One thing I really love about small towns in New England is the prevalence of amazing old homes on the winding back roads. Located in Boxborough, MA, the Jacob Littlefield Farmhouse showcases the agricultural character and charm seen in the town. The farmhouse and outbuildings were built by Jacob Littlefield, who likely hired a housewright from town as the home is a near match to a home built on a nearby street. Mr. Littlefield was a farmer from Wells, Maine with seven children and a wife named Anna. After his death, his wife Anna owned the farm, until her death in 1896. Their son Albert ran the farm from about 1896-1922, after which time Jacob’s grandson Earl was the owner. Earl was taxed in 1928 for ownership of two horses, 17 cows, a bull, the house, barn and shed, tool house, ice house, root house, hen house, garage, and a second house on 101 acres. He resided here until 1929 when it was sold out of the family. Since then, subsequent owners have restored the home and the various outbuildings to maintain the architectural and historic integrity of the property. We need more stewards of old homes like this!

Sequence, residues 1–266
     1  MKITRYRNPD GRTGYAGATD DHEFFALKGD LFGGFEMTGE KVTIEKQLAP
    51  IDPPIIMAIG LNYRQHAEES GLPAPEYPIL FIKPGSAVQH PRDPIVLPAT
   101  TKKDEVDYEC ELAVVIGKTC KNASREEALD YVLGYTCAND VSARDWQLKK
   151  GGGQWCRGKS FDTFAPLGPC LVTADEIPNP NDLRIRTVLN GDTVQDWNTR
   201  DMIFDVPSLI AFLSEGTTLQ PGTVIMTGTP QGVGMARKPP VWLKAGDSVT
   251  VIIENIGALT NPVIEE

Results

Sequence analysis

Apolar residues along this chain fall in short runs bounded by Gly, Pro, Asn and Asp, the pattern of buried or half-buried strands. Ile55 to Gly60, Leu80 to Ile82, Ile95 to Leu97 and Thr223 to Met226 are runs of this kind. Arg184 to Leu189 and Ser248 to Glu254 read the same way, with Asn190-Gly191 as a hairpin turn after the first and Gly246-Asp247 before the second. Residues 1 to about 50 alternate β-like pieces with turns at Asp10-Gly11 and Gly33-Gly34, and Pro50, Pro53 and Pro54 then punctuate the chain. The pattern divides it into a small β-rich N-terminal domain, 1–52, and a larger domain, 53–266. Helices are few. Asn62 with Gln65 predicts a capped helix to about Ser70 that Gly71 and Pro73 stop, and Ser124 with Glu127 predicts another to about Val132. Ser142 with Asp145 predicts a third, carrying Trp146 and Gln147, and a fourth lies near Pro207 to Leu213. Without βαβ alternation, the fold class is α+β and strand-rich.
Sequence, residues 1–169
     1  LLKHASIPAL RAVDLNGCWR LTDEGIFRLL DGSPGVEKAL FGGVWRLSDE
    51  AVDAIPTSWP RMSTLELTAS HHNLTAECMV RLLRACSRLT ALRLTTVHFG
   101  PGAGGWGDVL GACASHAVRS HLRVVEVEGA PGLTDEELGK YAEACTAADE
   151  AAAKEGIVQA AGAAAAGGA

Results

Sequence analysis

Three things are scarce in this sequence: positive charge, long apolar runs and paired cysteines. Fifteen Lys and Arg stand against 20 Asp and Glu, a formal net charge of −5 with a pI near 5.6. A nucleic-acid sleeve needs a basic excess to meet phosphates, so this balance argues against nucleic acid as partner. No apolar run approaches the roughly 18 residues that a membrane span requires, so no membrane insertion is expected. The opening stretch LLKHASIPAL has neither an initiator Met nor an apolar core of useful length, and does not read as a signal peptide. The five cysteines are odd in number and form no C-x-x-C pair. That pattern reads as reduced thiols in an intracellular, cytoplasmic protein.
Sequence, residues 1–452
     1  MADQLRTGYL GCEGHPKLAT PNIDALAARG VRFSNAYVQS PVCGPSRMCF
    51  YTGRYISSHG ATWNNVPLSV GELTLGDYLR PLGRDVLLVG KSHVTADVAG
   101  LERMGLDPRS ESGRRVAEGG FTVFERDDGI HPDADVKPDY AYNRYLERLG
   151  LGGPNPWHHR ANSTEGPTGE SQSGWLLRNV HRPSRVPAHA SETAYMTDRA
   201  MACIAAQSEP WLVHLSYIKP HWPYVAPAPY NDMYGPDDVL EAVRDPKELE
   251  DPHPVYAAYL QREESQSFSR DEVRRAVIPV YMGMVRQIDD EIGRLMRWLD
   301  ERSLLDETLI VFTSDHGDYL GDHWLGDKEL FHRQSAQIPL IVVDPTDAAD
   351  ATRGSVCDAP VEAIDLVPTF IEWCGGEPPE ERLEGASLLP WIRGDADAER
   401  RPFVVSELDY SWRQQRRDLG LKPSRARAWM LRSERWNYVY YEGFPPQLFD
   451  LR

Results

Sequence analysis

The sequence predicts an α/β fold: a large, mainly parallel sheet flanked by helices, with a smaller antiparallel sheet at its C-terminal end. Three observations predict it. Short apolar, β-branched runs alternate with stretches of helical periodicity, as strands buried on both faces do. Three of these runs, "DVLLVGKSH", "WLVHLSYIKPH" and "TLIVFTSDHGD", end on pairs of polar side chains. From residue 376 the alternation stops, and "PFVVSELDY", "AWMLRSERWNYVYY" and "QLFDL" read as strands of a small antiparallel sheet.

The area which became the town of Boxborough, Massachusetts, was first inhabited by the Native Americans of the Nipmuc and Pennacook tribes. Land in Boxborough was not settled by colonists until the beginning of the eighteenth century by farmers looking for fertile land to establish farms, who branched out from nearby Acton. Boxborough was formed from Harvard, Littleton, and Stow in 1783 and was incorporated as its own town. With the exception of small local industries including gristmills, sawmills, and cooperages as well as some minor boot and shoemaking, comb-making, and a lime quarry and kiln, Boxborough’s economy remained almost entirely agricultural through the 19th century. The town grew steadily and a Town Hall building was funded by the turn of the 20th century. This Queen Anne/Colonial Revival Town Hall building was constructed in 1901, atop the foundation which was constructed of locally gathered cobblestone by local volunteer farmers. Today, the town retains much of its agricultural heritage, but it is definitely under threat by subdivisions and Neo-Colonial mansions further contributing to Bostons suburban sprawl.